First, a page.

Natural Resources and Environment:
Interim Report on Establishment of the Agency for Toxic Substances and Disease Registry and the Adequacy of Superfund Staff Resources
HRD-83-81, Aug 10, 1983
In response to a congressional request, GAO conducted a review of Department of Health and Human Services (HHS) responsibilities under the Comprehensive Environmental Response, Compensation, and Liability Act which authorized the Environmental Protection Agency to establish a Superfund Program to clean up toxic waste sites and HHS to establish a new Agency for Toxic Substances and Disease Registry to carry out the act's health-related activities.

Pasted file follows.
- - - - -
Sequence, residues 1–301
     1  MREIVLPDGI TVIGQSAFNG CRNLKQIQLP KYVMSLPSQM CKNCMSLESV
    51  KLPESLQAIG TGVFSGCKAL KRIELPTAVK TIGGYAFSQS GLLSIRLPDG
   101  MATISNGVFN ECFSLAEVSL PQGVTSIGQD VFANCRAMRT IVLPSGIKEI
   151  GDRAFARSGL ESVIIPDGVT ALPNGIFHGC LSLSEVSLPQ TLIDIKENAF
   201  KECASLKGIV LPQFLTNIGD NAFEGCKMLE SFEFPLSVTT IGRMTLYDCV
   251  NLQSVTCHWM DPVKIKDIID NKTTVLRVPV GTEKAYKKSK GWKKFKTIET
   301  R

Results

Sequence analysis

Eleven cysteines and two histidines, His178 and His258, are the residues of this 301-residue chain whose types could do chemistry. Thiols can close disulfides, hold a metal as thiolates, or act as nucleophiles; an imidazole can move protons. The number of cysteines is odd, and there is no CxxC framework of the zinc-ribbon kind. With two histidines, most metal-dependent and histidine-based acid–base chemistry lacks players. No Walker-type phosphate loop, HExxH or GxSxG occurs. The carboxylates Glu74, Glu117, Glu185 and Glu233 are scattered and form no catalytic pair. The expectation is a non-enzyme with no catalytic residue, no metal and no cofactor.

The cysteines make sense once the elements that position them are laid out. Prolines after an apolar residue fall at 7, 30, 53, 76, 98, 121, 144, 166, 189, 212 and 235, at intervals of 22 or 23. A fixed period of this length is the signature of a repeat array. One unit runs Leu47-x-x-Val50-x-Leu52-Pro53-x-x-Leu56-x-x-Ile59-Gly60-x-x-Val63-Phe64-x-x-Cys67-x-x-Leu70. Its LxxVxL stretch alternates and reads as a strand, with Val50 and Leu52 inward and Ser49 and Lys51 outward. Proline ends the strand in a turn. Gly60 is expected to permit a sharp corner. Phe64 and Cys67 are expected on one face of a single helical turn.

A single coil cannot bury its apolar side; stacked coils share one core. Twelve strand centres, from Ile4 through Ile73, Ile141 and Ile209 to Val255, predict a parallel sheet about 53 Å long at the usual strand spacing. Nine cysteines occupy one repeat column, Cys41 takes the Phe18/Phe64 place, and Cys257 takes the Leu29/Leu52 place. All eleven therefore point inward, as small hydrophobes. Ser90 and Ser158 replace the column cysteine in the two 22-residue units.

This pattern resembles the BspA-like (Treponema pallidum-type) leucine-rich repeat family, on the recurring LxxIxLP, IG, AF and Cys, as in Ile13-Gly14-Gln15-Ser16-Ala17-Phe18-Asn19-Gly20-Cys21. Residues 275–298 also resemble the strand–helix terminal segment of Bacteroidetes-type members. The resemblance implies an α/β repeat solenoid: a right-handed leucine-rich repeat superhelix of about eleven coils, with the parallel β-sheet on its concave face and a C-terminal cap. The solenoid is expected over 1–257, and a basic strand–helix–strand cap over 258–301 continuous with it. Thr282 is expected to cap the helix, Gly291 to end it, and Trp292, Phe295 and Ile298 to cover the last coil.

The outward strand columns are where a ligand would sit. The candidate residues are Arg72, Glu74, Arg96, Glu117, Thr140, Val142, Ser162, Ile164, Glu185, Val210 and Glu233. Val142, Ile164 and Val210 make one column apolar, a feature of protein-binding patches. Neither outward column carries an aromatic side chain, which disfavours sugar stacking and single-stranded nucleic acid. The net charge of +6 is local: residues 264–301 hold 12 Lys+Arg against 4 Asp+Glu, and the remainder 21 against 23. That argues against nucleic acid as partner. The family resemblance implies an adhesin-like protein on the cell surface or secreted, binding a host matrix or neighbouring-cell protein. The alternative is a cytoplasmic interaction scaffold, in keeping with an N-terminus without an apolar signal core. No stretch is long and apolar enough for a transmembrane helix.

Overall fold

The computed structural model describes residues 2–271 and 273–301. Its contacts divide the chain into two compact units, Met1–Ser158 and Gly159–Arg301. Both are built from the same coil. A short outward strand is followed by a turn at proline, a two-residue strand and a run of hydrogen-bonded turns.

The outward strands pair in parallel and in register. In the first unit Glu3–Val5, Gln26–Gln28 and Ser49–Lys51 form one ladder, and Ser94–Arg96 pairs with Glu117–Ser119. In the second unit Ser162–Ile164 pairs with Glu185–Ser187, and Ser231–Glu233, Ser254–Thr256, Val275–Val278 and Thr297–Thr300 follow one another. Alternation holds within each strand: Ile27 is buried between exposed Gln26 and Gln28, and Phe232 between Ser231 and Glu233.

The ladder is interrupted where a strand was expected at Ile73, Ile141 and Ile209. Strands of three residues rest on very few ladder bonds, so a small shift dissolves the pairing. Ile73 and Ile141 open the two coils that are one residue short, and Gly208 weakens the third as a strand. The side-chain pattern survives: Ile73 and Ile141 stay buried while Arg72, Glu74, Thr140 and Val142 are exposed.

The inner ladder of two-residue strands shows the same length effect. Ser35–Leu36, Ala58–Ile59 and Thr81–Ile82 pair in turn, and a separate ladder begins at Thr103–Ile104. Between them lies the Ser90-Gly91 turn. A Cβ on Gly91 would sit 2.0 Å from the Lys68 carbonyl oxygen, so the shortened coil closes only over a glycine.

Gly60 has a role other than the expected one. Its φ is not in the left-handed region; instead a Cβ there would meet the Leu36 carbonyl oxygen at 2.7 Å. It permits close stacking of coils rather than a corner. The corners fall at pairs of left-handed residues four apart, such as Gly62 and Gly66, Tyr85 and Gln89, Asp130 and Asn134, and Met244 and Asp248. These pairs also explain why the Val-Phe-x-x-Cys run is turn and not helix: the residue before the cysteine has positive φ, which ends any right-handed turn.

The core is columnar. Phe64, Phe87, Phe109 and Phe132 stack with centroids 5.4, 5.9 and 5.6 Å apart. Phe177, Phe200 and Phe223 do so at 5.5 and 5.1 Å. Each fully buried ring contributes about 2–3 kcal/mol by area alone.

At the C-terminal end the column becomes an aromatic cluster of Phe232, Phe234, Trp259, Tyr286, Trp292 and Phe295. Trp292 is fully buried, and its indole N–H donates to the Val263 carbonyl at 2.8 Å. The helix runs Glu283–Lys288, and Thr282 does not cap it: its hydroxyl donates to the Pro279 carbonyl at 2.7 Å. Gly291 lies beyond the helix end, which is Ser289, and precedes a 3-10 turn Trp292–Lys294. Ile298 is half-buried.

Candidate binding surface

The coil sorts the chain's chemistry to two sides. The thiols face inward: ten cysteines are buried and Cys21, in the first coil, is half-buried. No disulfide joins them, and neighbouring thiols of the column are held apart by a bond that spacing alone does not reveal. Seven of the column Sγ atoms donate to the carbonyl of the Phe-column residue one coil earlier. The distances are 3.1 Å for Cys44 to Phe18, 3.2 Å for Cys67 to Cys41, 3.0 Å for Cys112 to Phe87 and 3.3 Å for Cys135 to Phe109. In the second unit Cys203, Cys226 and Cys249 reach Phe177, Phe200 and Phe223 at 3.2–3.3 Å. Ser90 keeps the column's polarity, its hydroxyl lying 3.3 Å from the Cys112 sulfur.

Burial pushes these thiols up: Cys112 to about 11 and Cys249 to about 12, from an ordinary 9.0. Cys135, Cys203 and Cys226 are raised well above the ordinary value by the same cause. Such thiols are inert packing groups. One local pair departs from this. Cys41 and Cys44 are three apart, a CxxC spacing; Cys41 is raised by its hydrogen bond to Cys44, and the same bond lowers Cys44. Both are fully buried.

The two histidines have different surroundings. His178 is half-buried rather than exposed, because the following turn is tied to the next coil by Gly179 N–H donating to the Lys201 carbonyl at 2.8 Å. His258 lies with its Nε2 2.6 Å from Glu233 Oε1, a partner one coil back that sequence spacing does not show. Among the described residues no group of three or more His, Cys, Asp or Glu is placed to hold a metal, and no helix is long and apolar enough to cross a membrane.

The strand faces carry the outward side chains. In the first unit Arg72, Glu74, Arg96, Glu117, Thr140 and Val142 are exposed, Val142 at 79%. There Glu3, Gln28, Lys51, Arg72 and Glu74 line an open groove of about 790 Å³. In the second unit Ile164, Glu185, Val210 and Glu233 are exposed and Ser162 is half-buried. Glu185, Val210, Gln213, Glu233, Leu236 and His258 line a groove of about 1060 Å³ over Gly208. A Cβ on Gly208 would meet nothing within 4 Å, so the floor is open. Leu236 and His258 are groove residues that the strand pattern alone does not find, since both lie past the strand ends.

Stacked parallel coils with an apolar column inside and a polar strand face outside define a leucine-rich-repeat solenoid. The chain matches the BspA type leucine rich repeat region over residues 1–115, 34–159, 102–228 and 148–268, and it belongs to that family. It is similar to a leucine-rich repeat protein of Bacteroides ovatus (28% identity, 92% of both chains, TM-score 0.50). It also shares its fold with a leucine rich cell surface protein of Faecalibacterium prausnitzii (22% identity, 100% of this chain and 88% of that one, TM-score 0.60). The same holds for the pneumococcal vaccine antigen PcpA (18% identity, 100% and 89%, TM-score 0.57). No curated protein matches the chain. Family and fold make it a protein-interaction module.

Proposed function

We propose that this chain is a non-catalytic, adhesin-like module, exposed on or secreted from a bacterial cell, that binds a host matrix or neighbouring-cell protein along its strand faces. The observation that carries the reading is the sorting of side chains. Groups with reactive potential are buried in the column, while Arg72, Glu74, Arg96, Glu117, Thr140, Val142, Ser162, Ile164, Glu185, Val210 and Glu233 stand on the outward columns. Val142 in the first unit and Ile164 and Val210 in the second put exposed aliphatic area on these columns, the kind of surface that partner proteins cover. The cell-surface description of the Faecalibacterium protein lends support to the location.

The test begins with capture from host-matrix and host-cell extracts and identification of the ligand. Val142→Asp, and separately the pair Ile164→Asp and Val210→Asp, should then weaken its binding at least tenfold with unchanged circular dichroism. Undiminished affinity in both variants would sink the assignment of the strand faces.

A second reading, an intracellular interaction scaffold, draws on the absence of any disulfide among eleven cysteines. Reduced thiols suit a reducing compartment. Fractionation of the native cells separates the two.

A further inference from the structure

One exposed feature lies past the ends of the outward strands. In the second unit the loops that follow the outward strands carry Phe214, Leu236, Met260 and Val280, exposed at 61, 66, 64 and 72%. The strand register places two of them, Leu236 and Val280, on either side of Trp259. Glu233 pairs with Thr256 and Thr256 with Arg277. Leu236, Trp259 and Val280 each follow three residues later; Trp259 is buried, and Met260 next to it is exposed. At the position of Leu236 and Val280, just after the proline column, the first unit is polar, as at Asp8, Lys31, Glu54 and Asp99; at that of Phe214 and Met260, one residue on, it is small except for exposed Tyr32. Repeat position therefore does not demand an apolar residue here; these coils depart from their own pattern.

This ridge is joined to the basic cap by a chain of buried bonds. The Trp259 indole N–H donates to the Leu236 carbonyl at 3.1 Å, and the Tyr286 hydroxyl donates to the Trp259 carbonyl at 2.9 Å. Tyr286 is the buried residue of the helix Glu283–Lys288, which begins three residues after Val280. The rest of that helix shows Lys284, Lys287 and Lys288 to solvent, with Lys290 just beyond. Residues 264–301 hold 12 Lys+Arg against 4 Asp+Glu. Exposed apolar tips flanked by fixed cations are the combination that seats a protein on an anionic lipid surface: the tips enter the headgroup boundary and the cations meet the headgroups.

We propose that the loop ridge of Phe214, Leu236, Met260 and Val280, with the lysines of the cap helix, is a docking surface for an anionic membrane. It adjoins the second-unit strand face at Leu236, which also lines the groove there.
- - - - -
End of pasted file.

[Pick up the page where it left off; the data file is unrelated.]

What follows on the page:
GAO found that, although the agency was established in 1983, HHS is operating the program under essentially the same interagency arrangement, involving several Public Health Service (PHS) agencies, that has been in effect since 1981. This approach has reduced the priority of Superfund activities and resulted in program delays. Further, PHS has not yet developed procedures detailing how the Superfund responsibilities will be carried out. Although Congress required HHS to establish a separate agency to ensure some independence and priority for Superfund activities, the activities have been integrated into existing organizations and have been delayed because of competition with other agency responsibilities. They have also been hampered because of the level of staff resources allowed relative to the amount of funds appropriated by Congress. Because of the lack of staff, officials expect to eliminate virtually all long-term health studies, registries, and laboratory projects.